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A new digital bank could instill VC faith in Indonesia’s sharia fintech

Original post by Tech in Asia

When Indonesian peer-to-peer lender (P2P) Alami raised its pre-seed funding in early 2019, it went where no local sharia fintech startup had gone before.

The Jakarta-based company became the first of its kind to secure venture capital backing. This was expected to open the doors for more VC bets into a bustling industry that’s tapping into the world’s largest Muslim market.

Almost three years on, however, Alami remains an anomaly, as VCs seemingly remain unconvinced by the promise of sharia finance – an industry that’s worth US$2.2 trillion globally.

Photo Credits: ALAMI

Now, as the company makes its ambitious foray into digital banking following its acquisition of a sharia rural bank, it hopes to finally lure more capital into the world of Islamic finance.

“Investors are waiting to see how this sharia digital bank will go. If this can go strong and better than the big players, it will be a gold mine for the early believers,” says Alami Co-founder and CEO Dima Djani.

VC skepticism

Indonesia is home to the world’s largest Muslim population, but sharia banking is still an exception rather than the norm in the country. According to a 2020 report from Otoritas Jasa Keuangan (OJK) – Indonesia’s financial services authority – sharia banks comprise just 6.5% of market share, a small number compared to fellow Muslim-majority country Malaysia at 37%.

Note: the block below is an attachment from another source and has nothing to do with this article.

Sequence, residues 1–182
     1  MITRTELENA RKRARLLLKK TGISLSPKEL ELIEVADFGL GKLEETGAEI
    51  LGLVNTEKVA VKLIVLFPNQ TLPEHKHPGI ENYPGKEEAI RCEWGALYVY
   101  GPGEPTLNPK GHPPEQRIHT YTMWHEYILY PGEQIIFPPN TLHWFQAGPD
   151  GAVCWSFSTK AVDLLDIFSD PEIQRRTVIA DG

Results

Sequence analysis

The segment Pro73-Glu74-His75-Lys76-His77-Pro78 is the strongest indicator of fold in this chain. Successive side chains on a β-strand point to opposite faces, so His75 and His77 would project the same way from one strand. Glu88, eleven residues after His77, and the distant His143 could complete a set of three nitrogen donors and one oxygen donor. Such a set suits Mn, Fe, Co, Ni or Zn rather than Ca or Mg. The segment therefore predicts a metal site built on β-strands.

Incidentally, Malaysia topped a recent global Islamic finance list from research and advisory firm Dinar Standard. Indonesia, meanwhile, placed sixth in the ranking, which measures the overall development of the Islamic economic sectors by assessing performance in line with broader social obligations.

Global Islamic finance ranking

Source: State of Global Islamic Economy Report 2020/21-DinarStandard

But there are signs pointing to change. For instance, the OJK report shows that in terms of assets, financing, and third-party funds, the growth of sharia banks is outpacing that of its conventional counterparts.

Perhaps more crucially, Indonesia is also seeing a societal and cultural trend in recent years, where more young, middle-class Muslims embrace a somewhat more conservative take on Islam – a movement commonly termed hijrah, which means migration in Arabic.

Coupled with Indonesia’s unbanked population of 51%, the time may be ripe for sharia fintech companies. But while Alami’s investors – which comprise the likes of Golden Gate Ventures, AC Ventures, and Quona Capital – see its promise, they appear to be the only ones. Out of the Indonesian Sharia Fintech Association’s 36 members, only Alami has received institutional VC funding, while the others have been restricted to angel investments and grants.

On one hand, some sharia fintech startup founders are indifferent to or outright skeptical of VCs. Case in point: Ramadhoni Chandra Utama, Founder and CEO of Oneshaf, says that VC funding is a solution, but not a necessity. In his view, equity crowdfunding is more in line with the “sharia spirit of sharing rewards and risks.”


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